It's a well-known thing amongst doctors that heavy drinkers have a mysterious propensity for breaking their bones — and not just because they may trip over their own feet in an inebriated stupor. Medical researchers from Loyola University in Chicago wanted to get to the bottom of the issue, and they addressed the question the only way they saw fit: by getting mice drunk and breaking some bones.
Past studies have yielded some good guesses for this phenomenon: Brittle bones may simply be a result of the malnutrition associated with alcoholism, or that alcohol impedes the work of osteoblasts — the cells that help grow bones. In order to find out more, the Loyola team dosed mice with enough alcohol to yield a BAC of .20 in a human, well over the legal driving limit of .08 (it's .05 in Australia, mind you).
After an induced fracture, the boozy mice tibias didn't heal in the same way as that of the control group. The temporary mass of tissue formed between the broken bones, known as the callus, was much softer — a result of decreased levels of key protein osteopontin, which leads soon-to-be-osteoblast stem cells to the site of the fracture.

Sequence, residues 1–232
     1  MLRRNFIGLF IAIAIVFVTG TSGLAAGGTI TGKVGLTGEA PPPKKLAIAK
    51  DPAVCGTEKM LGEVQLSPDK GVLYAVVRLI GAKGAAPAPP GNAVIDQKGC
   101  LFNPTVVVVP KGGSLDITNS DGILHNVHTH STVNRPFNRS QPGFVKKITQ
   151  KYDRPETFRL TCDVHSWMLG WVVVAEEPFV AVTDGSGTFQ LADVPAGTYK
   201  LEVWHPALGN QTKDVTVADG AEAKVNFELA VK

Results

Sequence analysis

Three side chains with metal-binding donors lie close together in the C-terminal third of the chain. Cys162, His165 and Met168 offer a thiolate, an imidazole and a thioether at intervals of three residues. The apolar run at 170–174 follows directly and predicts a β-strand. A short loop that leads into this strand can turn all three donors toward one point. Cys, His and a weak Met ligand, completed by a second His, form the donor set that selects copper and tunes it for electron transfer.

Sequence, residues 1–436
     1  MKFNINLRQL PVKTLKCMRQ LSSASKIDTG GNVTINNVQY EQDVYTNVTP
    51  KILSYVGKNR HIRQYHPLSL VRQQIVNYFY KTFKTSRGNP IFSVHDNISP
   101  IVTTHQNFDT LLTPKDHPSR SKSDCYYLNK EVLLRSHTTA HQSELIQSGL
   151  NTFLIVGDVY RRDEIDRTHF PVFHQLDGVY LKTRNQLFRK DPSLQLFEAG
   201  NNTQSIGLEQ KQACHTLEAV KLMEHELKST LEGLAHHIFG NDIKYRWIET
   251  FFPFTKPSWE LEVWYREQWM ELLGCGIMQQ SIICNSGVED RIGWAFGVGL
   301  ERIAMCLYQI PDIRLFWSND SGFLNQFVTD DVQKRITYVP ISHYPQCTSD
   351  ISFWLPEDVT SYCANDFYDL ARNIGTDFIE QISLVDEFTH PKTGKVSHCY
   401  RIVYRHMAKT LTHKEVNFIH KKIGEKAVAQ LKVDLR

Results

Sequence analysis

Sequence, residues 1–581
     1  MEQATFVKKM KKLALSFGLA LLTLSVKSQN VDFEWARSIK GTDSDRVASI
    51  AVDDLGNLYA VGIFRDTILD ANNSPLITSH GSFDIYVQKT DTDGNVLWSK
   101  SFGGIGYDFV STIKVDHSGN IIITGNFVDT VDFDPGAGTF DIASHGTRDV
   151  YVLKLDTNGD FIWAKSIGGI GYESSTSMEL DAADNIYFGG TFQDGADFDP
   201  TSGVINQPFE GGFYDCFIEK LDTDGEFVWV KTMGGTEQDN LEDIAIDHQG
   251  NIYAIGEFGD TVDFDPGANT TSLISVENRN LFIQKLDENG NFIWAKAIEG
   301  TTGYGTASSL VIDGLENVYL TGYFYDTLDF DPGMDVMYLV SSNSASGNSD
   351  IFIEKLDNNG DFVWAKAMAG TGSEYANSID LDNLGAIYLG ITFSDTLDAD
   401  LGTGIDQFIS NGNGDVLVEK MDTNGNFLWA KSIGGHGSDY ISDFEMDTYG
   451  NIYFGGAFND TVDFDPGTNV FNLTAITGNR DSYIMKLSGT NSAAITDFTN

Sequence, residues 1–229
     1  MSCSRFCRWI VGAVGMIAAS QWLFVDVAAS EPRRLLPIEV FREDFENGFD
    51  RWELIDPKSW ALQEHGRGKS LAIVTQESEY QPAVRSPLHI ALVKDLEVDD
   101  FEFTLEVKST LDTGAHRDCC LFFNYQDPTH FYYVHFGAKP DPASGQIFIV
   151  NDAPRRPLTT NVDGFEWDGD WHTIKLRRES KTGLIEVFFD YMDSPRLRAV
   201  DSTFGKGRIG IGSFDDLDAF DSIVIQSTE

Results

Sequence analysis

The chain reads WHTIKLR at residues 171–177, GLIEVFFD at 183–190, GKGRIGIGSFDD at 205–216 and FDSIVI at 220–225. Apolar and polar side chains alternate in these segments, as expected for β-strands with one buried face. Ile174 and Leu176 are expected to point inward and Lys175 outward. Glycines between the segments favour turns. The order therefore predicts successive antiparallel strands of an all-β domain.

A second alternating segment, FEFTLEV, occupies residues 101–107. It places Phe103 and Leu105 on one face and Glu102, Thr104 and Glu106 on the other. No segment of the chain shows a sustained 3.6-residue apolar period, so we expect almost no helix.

Mice who were given alcohol also showed higher numbers of a molecule that indicates oxidative stress, a finding that's in keeping with past studies. Alcohol consumption seems to increase production of dangerous oxidizing molecules that can't be broken down as easily by our bodies and, in turn, cause extra harm in the liver. Science has yet to explain how this specific piece of evidence impacts bone healing, but this new study confirms a connection, at the very least.
We're not entirely sure how turning mice into alcoholics may translate to the effect of alcohol on human bone growth. But I think it's safe to say that building up your tolerance isn't going to keep your bones intact, even if it may spare you a few embarrassing nights. [Smithsonian]